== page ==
Deal or No Deal

by

09/14/2023

Neighborhood: Upper East Side

This is Part 3 of a three part story by Nina Camp. Read Part 1 and Part 2.

The locksmith was a lean, twenty-something guy. He arrived on time and stood quietly outside our apartment door after I buzzed him into the building. Soft-spoken, with kind eyes, he brought a moment of problem-solving stability into my home. Alex was out. He’d decided he didn’t care what I did with the door, as long as I paid for it. A few weeks had passed since the screening of the Somebody Feed Phil (Tel Aviv) debacle, and I’d recalibrated. I was now in, “You got this, girl” mode.

After tinkering, the locksmith showed me the problem. It was the spindle. It looks like a thick screw, but with four flat sides and no sharp tips. Ours was in bad shape.

The spindle, I learned, connects the inner and outer doorknob. It moves when you turn either knob. It runs through the latch bolt, which has that springy lipstick tip-shaped thing that sticks out of the edge of the door. The latch bolt engages the door’s frame and prevents the door from slipping open.

An elegant mechanical interplay on which so much depends.

Our spindle looked like a pencil worn down by teeth marks. I assumed that all the stop-gap tightening by Alex had incrementally made an already insecure connection worse.

“My boyfriend has been tightening these screws over and over.” I mused aloud. “Do you think that’s been making it worse?”

“I can’t really say,” the locksmith said, echoing the house painter who, a few months earlier, refused to tell me how often he encountered couples who looked like they wanted to kill each other over paint color choices.

Our chewed-up spindle was out of alignment, the locksmith explained. As a result, we’d been wearing it away every time we turned the doorknob. He replaced it with a new one, aligned and tightened it several times, and said the replacement should hold for six months or a year.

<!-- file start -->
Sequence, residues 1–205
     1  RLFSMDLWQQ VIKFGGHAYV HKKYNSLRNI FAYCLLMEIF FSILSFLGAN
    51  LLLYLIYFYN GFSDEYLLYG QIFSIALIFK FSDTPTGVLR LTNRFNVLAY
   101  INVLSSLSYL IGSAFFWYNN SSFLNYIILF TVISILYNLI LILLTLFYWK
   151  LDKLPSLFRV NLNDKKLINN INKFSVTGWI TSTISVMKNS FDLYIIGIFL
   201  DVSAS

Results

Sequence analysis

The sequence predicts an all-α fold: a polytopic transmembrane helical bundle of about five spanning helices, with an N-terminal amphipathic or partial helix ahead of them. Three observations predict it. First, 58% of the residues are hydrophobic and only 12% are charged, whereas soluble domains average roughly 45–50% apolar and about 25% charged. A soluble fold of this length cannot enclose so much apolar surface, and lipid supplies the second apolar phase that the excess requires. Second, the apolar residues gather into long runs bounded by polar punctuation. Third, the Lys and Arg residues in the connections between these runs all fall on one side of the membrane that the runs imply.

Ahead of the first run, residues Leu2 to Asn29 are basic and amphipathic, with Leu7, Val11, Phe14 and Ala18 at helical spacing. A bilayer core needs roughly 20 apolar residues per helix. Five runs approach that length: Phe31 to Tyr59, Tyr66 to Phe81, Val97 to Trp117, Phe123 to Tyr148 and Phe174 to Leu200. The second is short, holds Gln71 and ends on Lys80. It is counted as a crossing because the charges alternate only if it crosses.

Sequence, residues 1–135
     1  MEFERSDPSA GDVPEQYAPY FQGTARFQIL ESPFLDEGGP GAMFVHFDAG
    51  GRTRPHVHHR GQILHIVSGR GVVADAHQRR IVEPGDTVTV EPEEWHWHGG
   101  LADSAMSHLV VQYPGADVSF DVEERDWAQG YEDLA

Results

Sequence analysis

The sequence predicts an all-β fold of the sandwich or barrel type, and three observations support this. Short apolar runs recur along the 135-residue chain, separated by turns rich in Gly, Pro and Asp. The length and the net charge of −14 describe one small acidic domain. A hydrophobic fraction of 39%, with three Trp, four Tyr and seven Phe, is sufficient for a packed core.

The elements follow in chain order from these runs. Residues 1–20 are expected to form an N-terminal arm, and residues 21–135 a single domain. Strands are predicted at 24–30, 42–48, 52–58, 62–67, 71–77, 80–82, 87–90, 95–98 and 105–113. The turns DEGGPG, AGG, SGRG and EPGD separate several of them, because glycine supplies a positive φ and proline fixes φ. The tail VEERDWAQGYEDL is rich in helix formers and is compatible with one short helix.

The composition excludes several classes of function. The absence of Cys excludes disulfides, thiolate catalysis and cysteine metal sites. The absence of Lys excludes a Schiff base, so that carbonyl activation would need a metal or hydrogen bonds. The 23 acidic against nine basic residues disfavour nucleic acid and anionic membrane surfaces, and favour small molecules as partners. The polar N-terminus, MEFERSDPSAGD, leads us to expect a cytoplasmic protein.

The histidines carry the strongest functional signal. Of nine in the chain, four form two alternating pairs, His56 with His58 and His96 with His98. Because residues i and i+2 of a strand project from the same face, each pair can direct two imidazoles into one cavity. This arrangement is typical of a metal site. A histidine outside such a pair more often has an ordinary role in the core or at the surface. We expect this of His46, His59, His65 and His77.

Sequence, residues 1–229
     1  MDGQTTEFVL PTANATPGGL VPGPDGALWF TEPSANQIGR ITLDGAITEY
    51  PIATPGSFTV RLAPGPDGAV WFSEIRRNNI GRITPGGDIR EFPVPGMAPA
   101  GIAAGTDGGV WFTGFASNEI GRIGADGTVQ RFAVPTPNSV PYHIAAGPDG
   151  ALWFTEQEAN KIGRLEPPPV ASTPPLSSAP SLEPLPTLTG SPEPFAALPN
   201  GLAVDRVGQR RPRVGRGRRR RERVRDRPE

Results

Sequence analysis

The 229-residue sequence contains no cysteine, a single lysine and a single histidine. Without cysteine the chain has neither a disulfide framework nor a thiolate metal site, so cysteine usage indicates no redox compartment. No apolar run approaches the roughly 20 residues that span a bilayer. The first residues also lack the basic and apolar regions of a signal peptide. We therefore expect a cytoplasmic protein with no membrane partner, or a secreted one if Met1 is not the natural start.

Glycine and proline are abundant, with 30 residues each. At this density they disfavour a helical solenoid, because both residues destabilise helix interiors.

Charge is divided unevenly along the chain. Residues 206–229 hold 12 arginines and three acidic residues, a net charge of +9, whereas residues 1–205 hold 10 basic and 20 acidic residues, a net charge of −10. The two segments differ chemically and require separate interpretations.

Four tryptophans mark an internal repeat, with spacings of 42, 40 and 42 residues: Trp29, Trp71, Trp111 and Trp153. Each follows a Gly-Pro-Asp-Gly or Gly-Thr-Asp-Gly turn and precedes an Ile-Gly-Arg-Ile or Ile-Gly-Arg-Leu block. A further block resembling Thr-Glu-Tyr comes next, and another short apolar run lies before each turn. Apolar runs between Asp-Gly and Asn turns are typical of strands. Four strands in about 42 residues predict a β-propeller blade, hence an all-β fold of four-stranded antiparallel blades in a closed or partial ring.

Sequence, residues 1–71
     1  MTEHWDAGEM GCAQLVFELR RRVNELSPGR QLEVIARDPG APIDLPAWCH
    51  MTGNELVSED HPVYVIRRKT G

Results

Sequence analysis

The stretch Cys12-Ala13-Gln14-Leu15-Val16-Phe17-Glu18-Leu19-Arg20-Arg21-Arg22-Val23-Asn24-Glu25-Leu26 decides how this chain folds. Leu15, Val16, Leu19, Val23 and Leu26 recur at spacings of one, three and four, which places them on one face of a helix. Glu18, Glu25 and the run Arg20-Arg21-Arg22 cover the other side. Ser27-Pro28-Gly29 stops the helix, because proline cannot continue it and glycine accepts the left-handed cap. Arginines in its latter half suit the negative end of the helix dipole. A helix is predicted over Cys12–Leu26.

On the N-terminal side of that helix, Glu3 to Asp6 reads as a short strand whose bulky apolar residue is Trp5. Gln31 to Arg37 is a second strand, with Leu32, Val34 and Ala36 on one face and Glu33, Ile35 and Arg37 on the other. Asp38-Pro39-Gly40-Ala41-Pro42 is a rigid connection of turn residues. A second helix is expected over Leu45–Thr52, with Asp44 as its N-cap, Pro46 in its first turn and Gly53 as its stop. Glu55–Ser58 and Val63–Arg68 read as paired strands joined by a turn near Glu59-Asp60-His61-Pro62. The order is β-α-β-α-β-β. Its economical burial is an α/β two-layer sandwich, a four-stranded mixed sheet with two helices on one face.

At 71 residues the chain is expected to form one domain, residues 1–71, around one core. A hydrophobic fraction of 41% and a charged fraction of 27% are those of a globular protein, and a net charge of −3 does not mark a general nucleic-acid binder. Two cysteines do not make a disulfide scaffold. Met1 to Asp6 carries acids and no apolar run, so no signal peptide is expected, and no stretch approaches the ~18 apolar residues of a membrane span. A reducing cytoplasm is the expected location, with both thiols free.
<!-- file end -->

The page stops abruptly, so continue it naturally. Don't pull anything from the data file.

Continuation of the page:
How long could Alex and I hold?

If you could fix doors, if you could depend on certain mechanical solutions, maybe you didn’t have to careen helplessly towards disaster.

I was on a roll. I went to a copy shop and made a sign for the inside of our apartment door. The sign had grainy pictures of my two cats and me and the words: We love you! You’re the best! Turn the bolt to the left!

I also made a laminated sign for the front doors. “For the safety and security of all tenants, do not leave doors propped open. Please close and lock both doors. Thank you.”

Both signs had a positive impact. But not enough. I was still frantic. My friend Lisa, who lives in Sheepshead Bay with three cats, two flying squirrels and, until recently, a ferret, helped break it down for me.

“Do the cats run to the door when people come over?” she asked.

“No,” I said. “If anything, they do the opposite. They hide in my bedroom.”

“Have you found your apartment door open since the morning of the Dunkin’ Donuts coffee run?” she asked.

“No,” I said. “The lock works now. It catches in the door jamb.”

I admitted that things, at least with the cats, were stable.

If I’d written signs to myself, what would they say? What would I warn myself against or draw my attention to? Some combination of the following: